The visit is sadly ironic because it comes just two days after the death in custody of lese majeste victim Ampol Tangnopakul. The princess will provide a guest lecture at Cornell based in part on her exalted appointed position as “Ambassador and Alternative Representative of the Kingdom of Thailand to the United Nations Commission on Crime Prevention and Criminal Justice…”.

Just seven years post-J.D., she is said to have “a wealth of practitioner’s experience to the policy-making process of the Commission, particularly in strengthening standards and norms in crime prevention and criminal justice…”. Like all other royals, she has been showered with awards at a remarkably early age, including by U.N. agencies that get never-ending award pressure from supplicant Thai officials.

While she is said to have a particular interest in the conditions of women prisoners, it seems that little has changed in Thai prisons. Claimed royal interest seems to be about things “international” and reputation burnishing rather than promoting much needed and thorough-going prison reform.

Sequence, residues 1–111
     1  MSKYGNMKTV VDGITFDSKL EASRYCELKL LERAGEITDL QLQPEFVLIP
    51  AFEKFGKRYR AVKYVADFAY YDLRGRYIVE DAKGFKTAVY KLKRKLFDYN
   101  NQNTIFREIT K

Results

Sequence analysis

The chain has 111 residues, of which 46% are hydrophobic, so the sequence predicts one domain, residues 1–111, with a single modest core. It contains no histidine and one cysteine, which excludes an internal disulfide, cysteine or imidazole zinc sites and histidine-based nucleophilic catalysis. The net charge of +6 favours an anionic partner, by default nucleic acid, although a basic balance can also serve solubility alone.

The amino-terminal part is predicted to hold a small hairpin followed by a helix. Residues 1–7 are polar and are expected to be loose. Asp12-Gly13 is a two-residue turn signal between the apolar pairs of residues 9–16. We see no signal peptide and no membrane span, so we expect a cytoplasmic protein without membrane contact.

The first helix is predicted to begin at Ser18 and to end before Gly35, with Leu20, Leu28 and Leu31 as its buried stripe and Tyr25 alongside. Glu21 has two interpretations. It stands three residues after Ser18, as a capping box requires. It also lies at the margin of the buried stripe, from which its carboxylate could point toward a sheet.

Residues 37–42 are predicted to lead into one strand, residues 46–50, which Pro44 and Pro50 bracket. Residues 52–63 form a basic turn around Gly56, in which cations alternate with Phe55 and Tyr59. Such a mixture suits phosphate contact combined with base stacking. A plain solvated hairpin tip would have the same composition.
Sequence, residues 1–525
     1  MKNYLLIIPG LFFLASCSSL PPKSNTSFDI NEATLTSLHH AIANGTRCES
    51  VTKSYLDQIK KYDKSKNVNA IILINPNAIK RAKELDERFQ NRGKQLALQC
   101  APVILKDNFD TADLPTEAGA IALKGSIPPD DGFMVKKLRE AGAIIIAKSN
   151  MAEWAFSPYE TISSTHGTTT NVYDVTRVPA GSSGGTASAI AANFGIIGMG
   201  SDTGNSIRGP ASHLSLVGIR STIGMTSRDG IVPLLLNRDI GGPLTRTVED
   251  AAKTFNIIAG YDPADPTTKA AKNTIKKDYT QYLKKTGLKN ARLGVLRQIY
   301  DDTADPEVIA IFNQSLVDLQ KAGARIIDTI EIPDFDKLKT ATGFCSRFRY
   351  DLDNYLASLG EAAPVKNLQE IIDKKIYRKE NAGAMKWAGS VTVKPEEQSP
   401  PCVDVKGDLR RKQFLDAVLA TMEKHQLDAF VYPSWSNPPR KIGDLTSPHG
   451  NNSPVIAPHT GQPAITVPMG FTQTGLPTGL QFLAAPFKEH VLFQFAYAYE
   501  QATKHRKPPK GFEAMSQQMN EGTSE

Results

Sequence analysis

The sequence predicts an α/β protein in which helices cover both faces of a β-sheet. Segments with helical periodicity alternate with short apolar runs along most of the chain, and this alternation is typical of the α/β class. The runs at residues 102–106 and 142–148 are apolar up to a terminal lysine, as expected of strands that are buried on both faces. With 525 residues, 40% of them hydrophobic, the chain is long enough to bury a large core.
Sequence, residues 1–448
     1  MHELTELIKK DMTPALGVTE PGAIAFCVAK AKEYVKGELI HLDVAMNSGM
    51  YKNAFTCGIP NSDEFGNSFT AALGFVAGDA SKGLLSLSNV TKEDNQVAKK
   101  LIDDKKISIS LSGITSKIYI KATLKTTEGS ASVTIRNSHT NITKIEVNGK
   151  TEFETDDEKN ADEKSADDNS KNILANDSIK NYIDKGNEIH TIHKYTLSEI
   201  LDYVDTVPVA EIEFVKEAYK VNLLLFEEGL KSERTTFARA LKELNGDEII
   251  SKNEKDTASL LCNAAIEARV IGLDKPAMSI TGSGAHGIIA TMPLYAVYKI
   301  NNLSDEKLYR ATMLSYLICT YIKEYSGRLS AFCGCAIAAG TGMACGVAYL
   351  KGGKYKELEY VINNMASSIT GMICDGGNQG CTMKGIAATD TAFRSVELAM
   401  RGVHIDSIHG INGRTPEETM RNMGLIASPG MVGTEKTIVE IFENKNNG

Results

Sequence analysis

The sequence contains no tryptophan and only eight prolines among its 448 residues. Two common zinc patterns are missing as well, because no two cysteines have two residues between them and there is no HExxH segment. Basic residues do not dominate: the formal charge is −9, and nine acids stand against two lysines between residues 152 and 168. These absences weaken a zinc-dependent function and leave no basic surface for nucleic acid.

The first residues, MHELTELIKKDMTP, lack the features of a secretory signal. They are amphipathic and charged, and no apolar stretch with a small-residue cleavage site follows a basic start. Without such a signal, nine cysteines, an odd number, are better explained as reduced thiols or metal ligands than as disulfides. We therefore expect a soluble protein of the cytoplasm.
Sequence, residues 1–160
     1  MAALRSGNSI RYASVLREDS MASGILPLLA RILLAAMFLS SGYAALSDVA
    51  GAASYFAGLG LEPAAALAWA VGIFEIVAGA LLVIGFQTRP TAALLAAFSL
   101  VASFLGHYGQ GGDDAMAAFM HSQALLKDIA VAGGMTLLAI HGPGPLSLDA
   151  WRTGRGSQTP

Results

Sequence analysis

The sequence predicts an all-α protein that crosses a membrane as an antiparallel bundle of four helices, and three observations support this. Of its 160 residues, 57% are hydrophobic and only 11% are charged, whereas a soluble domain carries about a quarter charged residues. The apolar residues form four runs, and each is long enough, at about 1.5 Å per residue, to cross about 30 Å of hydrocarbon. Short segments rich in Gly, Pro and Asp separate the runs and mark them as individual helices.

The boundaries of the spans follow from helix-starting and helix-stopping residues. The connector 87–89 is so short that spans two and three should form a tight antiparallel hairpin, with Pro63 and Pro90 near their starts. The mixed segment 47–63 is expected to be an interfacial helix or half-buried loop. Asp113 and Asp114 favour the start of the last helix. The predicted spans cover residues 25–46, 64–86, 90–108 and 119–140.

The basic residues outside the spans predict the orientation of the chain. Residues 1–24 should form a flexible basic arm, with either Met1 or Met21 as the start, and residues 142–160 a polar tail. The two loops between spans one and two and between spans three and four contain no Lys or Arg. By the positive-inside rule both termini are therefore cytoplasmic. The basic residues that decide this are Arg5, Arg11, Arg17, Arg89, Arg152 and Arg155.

It remains clear that prison conditions in Thailand remain horrendous and that there are certain women prisoners who are singled out for especially horrid treatment and denied even their constitutional rights. All prisoners held on lese majeste charges are treated in unconscionable ways. And, as the Ampol case demonstrates, lese majeste is a crime that can be a death sentence.

Open letter from AHRC details persecution of Darunee in prison

23 09 2009

The Asian Human Rights Commission has just issued a very important open letter on the case of Darunee Charnchoengsilpakul.  Addressed to Princess Bajrakitiyabha Mahidol, in her capacity as the Director of the Kamlangjai Project at the Ministry of Justice, the AHRC reports key information about the continued mistreatment Darunee is experiencing at the Central Women’s Correctional Institution.

In particular, the AHRC highlights the following: